In 1591 an envoy from the court of Mantua visited the Munich Residence, the ancestral home of the Wittelsbach rulers of Bavaria.  While he was there he recorded seeing a chapel which he thought must be the finest in the world.  He was struck by the quality and quantity of the precious jewels and metals on display, but what impressed him most of all was the stupendous ‘artificio’, which he declared to be worth ‘more than all the rest’.  He was referring to the extraordinary scagliola panelling which covered the walls, supplied by Blasius Pfeiffer (a.k.a. Fistulator) at the request of Duke Wilhelm V of Bavaria (r.1579 – ab.1597). This is the earliest documented use of scagliola on a grand scale.

The Reiche Kapelle, Munich Residence.
(Scagliola wall panelling with inlaid marble floor).*

Duke Wilhelm’s Chapel, known also as the Private Court Chapel (Geheime Hofkapelle) or simply the Rich Chapel (Reiche Kapelle), was built between  1586 and 1591 in the outer fortifications of the Neuveste, one of the oldest parts of the Residence.  The intensely religious ruler wanted a private area where he and his wife could pray and receive Mass; but in addition he needed a suitable setting in which he could show off the dynasty’s priceless and ever-expanding collection of holy relics, one of the largest in Europe.  As well as providing him with a spiritual sanctuary, the chapel was to serve Duke Wilhelm as an expression of his exclusivity, his prestige and his wealth.

Reliquary wall cabinet with engraved glass panels.  (Design by Friedrich Sustris c. 1590).*

The Duke’s advisers may well have warned him that he was taking a risk with his royal dignity.  This was an age in which princely representation (the architectural, cultural and ceremonial attributes through which a ruler projected power) was becoming almost synonymous with the right to govern itself.  In the second half of the sixteenth century coloured marble had taken on ‘representational’ status due to its association with imperial Rome.  Like bronze, it was considered a noble material, and to counterfeit it with this ‘artificio’ – a mixture of common plaster and pigments – was to invite the ridicule of rulers who could access the real thing.  

Duke Wilhelm V of Bavaria
(r. 1579 – ab. 1597)
by Hans von Aachen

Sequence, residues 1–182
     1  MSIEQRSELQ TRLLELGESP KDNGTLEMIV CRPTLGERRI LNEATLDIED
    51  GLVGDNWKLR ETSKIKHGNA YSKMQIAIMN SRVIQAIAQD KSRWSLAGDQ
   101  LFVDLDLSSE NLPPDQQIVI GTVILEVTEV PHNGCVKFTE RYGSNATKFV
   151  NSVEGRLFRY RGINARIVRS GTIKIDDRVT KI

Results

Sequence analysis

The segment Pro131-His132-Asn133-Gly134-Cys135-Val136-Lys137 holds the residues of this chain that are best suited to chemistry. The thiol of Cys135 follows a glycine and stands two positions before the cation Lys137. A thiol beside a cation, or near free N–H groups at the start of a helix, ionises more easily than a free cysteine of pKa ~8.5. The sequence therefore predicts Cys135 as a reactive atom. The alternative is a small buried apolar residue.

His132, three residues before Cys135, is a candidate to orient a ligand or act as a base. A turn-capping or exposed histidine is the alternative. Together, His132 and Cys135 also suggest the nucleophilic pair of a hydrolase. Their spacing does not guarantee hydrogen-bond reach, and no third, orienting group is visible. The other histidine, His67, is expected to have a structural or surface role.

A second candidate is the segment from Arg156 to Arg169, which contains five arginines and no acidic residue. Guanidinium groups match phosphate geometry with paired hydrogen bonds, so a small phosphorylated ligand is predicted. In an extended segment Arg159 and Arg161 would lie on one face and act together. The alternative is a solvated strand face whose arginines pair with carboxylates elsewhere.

(Wikimedia Commons).

The gamble paid off.  Contemporaries greeted Blasius Pfeiffer’s invention with admiration and astonishment; all agreed that it was a material eminently fit for royalty.  News spread quickly and before long Wilhelm was receiving requests from other rulers who wanted information on the new material and the loan of a specialist who could supply it. Would-be clients included Elector Christian I of Saxony and Duke Vincenzo Gonzaga of Mantua, both of whom were  successful; and the Habsburg Archdukes Matthias (later crowned Holy Roman Emperor) and Maximilian III,  who were not.  

No detailed description of the scagliola in Prince Wilhelm’s Chapel has survived.  The area was abandoned in the early 1600s when his son, Duke Maximilian I (r. 1597-1651) had all the treasures moved to his own private chapel above the newly-built Grotto Courtyard (Grottenhof). The walls of the new chapel were once again lined with scagliola panels by Blasius Pfeiffer, with later pictorial additions by his son Wilhelm.  The second Reiche Kapelle exists to this day (although, like the Munich Residence itself, mostly as a meticulous post 2nd World War re-construction).  The work has a pre-eminent place in the early history of scagliola.

The Reiche Kapelle, Munich Residence –  detail.*

There is a strong probability that the original panels from Wilhelm’s chapel were transferred to his son’s at the same time as the relics and other religious artefacts.  Maximilian I was notoriously penny-pinching, and as late as 1601 was complaining about having to settle outstanding debts on his father’s chapel.  It seems unlikely that he would have abandoned such valuable and prestigious furnishings in a forgotten part of the Residence if there was a chance they could be used more prominently elsewhere.  The Reiche Kapelle that exists today may therefore give us a good idea of the earlier chapel’s appearance.

* © Bayerische Schlösserverwaltung, www.schloesser.bayern.de
Photos by Richard Feroze,

References: Dorothea Diemer, Hubert Gerhard und Carlo di Cesare del Palagio, Bronzeplastiker der Spätrenaissance – Berlin 2004.  Vol. I pp. 113-117.  The existence of Prince Wilhelm’s chapel, conclusively established by Dr. Diemer’s analysis of the contemporary documents, was unknown prior to the publication of her book.  Much of the information in this and the following two sections comes from the same source.